A car museum is usually little more than a few rows of interesting and somewhat randomly accumulated vehicles, presented with or without interpretation. It has been this way ever since my very first tour of a car collection, one amassed in a Quonset hut by Leo J. Bongers, of David City, Nebraska. The Bongers collection wasn’t open to the public, but my Aunt Margie and Uncle Denby Horacek, who lived in that town, got us admitted. The cars were run-of-the-mill Nebraska cars, nothing fancy, but word was that Bongers hoped the state government would acquire them as the nucleus for a museum. Even I could see how dumb that idea was. After Bongers died, the collection was auctioned off on a bitter January day in 1994, and little more has been said about it.
The template familiar from the Bongers collection has held true for pretty much every car museum I’ve visited, from the Auburn Cord Duesenberg Automobile Museum, in Auburn, Ind., to the Gilmore Car Museum, in Hickory Corners, Mich. In fact, I more or less gave up on car museums. Even America’s Car Museum, a.k.a. the LeMay collection, in Tacoma, Wash., lines up cars in rows, if its website is an accurate indicator. The Automobile Driving Museum, in El Segundo, Calif., distinguishes itself not through its exhibit space but instead with a program of taking guests for rides in cars from the collection.
The Petersen Automotive Museum, in Los Angeles, had distinguished itself by displaying its cars within dioramas. This struck many people as kitschy. But as I say, I’d given up on car museums and had only been to the Petersen for press events. Then, in 2013, I ended up with the assignment to write a 4000-word piece about plans to remodel the museum. This was for Finish Line, the magazine that goes to museum supporters. I interviewed the architects and museum board chairman Peter Mullin, among others, to learn all about it, and when the 10-page story appeared my byline was misspelled.
Now, two years later, the new museum has opened. I couldn’t make press day in December, but when my friend Angela Riechers, a writer and art director, came to town in January, we arranged to go. Our approach was on Wilshire Boulevard from the east. While I like the voluptuous cladding, the new Petersen doesn’t exactly harmonize with neighboring buildings. It sure manufactures its own excitement, though.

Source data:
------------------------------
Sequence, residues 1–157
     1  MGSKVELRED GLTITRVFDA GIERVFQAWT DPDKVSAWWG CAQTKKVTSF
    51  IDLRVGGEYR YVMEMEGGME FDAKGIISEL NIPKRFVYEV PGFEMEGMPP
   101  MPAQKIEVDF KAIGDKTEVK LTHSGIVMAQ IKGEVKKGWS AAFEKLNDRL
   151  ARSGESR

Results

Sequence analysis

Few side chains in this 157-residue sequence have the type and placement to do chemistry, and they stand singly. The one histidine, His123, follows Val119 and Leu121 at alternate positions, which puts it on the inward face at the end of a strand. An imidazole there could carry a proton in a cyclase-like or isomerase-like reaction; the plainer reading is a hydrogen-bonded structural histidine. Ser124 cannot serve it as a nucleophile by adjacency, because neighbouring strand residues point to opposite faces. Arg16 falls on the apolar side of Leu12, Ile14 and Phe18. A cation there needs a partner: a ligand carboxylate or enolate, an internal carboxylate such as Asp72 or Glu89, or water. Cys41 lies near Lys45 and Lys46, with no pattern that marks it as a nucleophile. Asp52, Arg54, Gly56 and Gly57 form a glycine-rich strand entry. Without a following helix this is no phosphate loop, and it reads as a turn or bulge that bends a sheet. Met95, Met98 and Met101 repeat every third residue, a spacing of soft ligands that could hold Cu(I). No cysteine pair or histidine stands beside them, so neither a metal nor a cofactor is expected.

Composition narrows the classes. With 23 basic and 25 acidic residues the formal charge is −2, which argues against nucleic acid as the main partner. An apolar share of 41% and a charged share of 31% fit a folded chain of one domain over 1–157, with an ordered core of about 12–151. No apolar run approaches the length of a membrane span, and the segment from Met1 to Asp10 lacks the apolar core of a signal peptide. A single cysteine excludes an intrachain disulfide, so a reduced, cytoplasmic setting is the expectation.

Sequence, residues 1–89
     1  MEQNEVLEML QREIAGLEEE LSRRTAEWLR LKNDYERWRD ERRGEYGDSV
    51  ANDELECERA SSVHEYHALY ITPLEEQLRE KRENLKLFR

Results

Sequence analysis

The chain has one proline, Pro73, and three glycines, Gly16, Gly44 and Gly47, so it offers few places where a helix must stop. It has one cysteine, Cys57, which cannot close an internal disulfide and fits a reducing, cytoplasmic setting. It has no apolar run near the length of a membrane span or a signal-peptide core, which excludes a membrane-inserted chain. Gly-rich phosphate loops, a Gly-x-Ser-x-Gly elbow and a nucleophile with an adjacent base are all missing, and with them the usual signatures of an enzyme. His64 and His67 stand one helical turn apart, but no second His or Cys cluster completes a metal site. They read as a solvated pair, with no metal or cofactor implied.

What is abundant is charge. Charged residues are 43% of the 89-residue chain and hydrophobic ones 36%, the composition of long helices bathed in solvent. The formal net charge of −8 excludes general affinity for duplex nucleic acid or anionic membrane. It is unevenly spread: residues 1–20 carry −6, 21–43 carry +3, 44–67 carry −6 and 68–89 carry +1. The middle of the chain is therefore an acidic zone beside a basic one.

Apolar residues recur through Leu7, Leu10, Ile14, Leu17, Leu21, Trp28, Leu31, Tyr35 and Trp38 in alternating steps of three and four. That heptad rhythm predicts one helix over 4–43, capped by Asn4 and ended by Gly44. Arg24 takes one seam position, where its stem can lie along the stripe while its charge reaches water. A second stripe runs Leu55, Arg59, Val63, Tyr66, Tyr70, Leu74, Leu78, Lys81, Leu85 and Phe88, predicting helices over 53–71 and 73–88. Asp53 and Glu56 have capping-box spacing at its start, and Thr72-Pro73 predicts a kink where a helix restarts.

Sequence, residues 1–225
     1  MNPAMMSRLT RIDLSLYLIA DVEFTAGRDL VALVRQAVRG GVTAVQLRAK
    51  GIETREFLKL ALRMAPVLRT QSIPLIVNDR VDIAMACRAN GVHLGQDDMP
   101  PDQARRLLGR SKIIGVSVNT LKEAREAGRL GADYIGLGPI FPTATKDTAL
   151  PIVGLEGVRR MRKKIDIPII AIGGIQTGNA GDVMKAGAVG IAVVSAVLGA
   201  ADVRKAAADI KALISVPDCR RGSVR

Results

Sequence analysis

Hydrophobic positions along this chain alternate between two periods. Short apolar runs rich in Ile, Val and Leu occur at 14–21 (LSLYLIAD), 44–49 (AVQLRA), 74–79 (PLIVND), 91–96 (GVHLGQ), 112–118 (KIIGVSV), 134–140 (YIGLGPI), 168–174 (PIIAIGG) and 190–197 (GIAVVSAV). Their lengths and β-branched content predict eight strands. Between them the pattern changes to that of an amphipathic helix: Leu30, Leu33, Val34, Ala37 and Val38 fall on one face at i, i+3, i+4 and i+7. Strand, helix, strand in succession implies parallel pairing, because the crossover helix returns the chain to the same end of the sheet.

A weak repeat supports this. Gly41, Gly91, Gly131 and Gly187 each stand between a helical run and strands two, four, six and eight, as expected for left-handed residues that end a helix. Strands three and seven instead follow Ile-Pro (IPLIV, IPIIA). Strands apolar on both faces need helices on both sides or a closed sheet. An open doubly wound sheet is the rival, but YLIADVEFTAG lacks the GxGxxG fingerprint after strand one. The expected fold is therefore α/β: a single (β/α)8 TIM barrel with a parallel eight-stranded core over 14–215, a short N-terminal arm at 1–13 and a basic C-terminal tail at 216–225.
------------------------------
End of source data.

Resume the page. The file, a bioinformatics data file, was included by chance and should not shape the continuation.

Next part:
The museum is meant to be seen starting on the third floor. Here is an introduction gallery and other exhibits that present a broad overview of the automobile from horseless carriage days to the era when fanciful bodies were created for dream cars of the 1950s. Appraising the latter, I leaned to Angela and said two names: Ghia and Bortz. We had seen Ghia-bodied cars a few weeks earlier at the Hilton Head Island Motoring Festival and Concours d’Elegance. And I told her about Joe Bortz, the Chicago collector. Bortz made me miserable one summer when I was assigned to write about a dream car he’d restored; he kept calling me late at night to demand duplicates of my photos. Indeed, one of the dream cars in this display was Bortz’s, so I got away as fast as possible, escaping to the row of movie cars.
Yes, a row. There had to be one. The 300,000-square-foot building started life in 1962 as the Seibu department store. By the early 1990s, it was abandoned to transients. The publisher Robert E. Petersen rescued the building from foreclosure and opened the Petersen Automotive Museum in 1994. Not much changed in the next 19 years before the redesign and re-launch of the museum was announced.
“The current state of the building is kind of a depressing place,” I was told by Trent Tesch, design principal at Kohn Pedersen Fox Associates, of New York. “I do feel it doesn’t highlight the potential of what you feel on the inside.” With the museum board now led by Peter Mullin, David Sydorick, and Bruce Meyer, the commission to KPF was to enliven the place.
“Trent and I sat down and thought, ‘How in the world can we do this and make it special?’” A. Eugene Kohn said. “We came up with the idea of stainless steel beams.”
There was more involved than just exterior furbelows, though. Lighting, music, and graphic projections for the exhibits are unlike that in any other car museum. Instead of the usual presentational hucksterism–gas station signs and automotive bric-a-brac–each displays is an exaltation; interpretive material is kept concise, and the viewer gives his full regard. A spiral staircase connects the three floors, a nice touch that somewhat mitigates the fact that, as Kohn said, the building is “a big box, basically, as department stores were.” A clever wall of motor scooters in the second-floor’s Richard Varner (another museum board member and former Nebraska Cornhusker football player) Family Gallery generates exuberance. Meanwhile, the Precious Metal exhibit is ethereal.
Not that we were sold on every car. Looking at the vast, silver Hispano-Suiza, which was bodied by Saoutchik, Angela couldn’t help herself. “It’s like a fat uncle who won’t shut up,” she said.
Moving from the second floor, which emphasizes aspects of the auto industry (especially design), to the first level’s Peter and Merle Mullin Artistry Floor, we swept into a gallery of “the most artfully designed vehicles ever built, often regarded as rolling sculptures,” the brochure says. Indeed, the scalloped trim and singular checked upholstery of the Voisins, the gladiatorial Bugatti Atlantique, and even the Saoutchik-bodied, sharknose 1938 Graham—a car I’d hardly ever thought about—combine to produce a feeling of transcendence, an uplift that has never been this firmly fixed to automotive displays.
Everybody named in this summary, along with the museum curator Leslie Kendall and executive director Terry Karges, deserve plaudits for effecting this amazing transformation.
On Angela’s next visit, she’s bringing her fat uncle.